- The Washington Times - Wednesday, August 5, 2015

Doting parents who post photos of their children on Instagram may want to double check their privacy settings, thanks to a new trend in social media role-playing. 

A simple search for #BabyRP on the photo-sharing app shows countless photos of children harvested from other people’s accounts for role-playing. 

Players will re-post the stolen photos to their own accounts with a new name and an imaginary storyline, inviting other users to pretend to be father, mother or child, the BBC reported

“BabyRP is just like playing a role in a play,” an anonymous user told the BBC. “Someone’s a baby, another a mommy, you just pretend. They may say things like ‘I wove you momma.’ It’s kind of like baby dolls.” 

After receiving an unusual amount of likes on several photos of her son, Instagram user and mother Dana Pecina-Phillips told the BBC she found dozens of photos of her son that she had taken being used for role-playing on another profile. 

“At that point, I kind of panicked,” Ms. Pecina-Phillips said, BBC reported. “I immediately commented on the photos and told her that the photos were not hers to use and that she needed to take them down.”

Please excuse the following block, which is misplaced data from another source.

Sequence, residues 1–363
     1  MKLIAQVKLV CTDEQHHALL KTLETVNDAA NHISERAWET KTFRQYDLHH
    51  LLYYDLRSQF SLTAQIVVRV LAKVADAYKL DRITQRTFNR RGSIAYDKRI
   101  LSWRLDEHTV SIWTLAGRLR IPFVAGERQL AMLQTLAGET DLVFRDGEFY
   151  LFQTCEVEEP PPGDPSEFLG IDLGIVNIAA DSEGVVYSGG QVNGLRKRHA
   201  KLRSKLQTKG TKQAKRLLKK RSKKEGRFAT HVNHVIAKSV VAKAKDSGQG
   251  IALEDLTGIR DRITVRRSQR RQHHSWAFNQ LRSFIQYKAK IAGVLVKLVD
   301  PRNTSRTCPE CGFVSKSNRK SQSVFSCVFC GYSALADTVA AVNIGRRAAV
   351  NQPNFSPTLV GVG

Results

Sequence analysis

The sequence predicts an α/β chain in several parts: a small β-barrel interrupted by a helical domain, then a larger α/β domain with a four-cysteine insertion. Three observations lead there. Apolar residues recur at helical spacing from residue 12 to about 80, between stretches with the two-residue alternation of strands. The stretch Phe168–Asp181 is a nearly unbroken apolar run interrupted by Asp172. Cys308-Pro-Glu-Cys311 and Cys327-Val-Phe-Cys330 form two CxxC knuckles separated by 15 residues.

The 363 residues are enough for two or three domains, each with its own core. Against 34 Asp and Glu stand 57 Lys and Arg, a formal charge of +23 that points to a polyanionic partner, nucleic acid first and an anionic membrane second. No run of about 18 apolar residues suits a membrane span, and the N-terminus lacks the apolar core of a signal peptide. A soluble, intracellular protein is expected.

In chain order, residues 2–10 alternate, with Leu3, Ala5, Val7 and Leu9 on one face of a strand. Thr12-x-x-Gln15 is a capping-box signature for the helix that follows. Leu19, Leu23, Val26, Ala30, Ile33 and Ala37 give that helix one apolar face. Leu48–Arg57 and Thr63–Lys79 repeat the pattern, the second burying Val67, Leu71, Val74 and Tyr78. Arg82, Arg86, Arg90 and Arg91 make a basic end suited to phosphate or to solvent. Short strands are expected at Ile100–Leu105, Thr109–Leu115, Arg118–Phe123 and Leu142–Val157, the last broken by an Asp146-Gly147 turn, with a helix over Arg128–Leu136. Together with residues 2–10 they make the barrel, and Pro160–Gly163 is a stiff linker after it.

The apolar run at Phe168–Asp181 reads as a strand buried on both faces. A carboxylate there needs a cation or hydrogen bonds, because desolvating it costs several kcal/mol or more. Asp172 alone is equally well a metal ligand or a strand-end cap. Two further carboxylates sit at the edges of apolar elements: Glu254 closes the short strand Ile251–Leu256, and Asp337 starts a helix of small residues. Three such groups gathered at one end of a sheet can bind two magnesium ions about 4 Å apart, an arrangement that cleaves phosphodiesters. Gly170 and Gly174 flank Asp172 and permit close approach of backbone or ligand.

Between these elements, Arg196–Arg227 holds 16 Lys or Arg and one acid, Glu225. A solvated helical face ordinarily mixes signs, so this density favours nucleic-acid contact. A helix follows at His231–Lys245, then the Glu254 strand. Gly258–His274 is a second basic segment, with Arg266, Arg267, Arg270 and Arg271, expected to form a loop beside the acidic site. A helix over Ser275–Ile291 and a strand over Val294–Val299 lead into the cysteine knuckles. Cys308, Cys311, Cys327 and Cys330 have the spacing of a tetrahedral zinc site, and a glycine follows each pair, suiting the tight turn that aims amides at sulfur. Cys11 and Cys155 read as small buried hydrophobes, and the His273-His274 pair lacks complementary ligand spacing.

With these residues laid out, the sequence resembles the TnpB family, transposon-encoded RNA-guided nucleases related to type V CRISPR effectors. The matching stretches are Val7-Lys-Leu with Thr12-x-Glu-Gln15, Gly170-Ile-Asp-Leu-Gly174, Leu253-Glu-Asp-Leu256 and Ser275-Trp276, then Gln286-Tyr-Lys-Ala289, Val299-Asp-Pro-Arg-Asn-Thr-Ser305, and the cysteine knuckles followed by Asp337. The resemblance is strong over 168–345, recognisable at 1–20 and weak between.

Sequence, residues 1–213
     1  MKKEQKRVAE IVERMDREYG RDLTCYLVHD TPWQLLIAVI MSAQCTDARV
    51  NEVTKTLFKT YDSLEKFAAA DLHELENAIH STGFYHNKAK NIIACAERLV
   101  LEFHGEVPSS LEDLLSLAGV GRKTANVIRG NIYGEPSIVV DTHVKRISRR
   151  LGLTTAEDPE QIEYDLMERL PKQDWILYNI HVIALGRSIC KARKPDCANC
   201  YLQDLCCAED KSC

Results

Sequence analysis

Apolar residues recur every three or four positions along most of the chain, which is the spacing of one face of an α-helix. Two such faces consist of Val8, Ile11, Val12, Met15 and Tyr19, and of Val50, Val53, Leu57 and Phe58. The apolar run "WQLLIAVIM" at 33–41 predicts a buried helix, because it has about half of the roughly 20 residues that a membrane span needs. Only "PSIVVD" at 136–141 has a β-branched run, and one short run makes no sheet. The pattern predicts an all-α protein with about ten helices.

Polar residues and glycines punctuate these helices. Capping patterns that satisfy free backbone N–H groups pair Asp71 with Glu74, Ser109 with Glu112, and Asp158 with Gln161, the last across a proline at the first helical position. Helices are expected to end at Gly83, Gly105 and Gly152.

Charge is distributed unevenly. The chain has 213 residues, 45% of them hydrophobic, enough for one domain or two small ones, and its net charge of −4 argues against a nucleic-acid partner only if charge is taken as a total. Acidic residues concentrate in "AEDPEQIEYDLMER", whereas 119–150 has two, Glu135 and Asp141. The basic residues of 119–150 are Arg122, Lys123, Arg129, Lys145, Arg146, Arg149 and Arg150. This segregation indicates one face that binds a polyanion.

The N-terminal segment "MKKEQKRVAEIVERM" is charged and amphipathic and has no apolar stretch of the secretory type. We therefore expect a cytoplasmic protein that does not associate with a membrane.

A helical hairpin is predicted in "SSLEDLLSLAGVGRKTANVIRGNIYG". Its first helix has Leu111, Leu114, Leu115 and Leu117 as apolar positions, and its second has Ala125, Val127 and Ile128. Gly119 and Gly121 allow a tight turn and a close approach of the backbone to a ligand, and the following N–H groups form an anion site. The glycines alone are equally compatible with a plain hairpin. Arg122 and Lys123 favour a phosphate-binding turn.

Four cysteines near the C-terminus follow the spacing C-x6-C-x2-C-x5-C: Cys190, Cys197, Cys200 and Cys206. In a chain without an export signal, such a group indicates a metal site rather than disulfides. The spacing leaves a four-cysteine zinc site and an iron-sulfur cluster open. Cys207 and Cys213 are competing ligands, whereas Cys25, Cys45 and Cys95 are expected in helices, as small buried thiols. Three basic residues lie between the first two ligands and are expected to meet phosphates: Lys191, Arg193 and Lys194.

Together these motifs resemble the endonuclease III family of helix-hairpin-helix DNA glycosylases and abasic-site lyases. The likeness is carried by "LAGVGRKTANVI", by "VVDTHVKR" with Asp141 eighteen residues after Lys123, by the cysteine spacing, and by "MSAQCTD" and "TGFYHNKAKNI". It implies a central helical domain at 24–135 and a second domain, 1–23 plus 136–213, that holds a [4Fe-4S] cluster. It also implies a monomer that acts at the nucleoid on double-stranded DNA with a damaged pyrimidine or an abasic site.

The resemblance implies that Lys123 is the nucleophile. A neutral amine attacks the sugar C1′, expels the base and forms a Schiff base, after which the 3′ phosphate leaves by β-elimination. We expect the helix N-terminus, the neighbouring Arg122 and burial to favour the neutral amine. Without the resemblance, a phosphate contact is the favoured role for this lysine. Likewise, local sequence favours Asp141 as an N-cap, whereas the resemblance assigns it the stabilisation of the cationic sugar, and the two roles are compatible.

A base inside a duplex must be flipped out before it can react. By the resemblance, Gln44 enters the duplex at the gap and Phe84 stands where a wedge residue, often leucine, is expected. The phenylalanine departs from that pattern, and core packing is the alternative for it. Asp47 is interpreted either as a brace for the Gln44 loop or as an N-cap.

Ms. Pecina-Phillips said the user who had stolen her photos deleted the role-playing comments but did not take down the photos and kept posting more.

The mother reported the account to Instagram “over a hundred times to no avail.”

In a statement to the BBC, an Instagram spokesman said, “This type of content violates our terms. Once a parent or guardian reports it to us, we work quickly to remove it.” 

But the users who take part in the role-playing say that what they are doing isn’t wrong and say it’s a way for them to escape from their daily lives. 

“It’s not wrong,” another anonymous #BabyPR player told the BBC. “If the account’s public, so are the pictures they post.” 

Parents can protect their photos by keeping their accounts private, only sharing photos with users who have permission to view their account. 

Parents who want to share photos of their children more widely but still want to keep them from being used by role-players, should use watermarks to protect the photos from being stolen and turn off location tagging.


Copyright © 2018 The Washington Times, LLC. Click here for reprint permission.

The Washington Times Comment Policy

The Washington Times welcomes your comments on Spot.im, our third-party provider. Please read our Comment Policy before commenting.

 

Click to Read More and View Comments

Click to Hide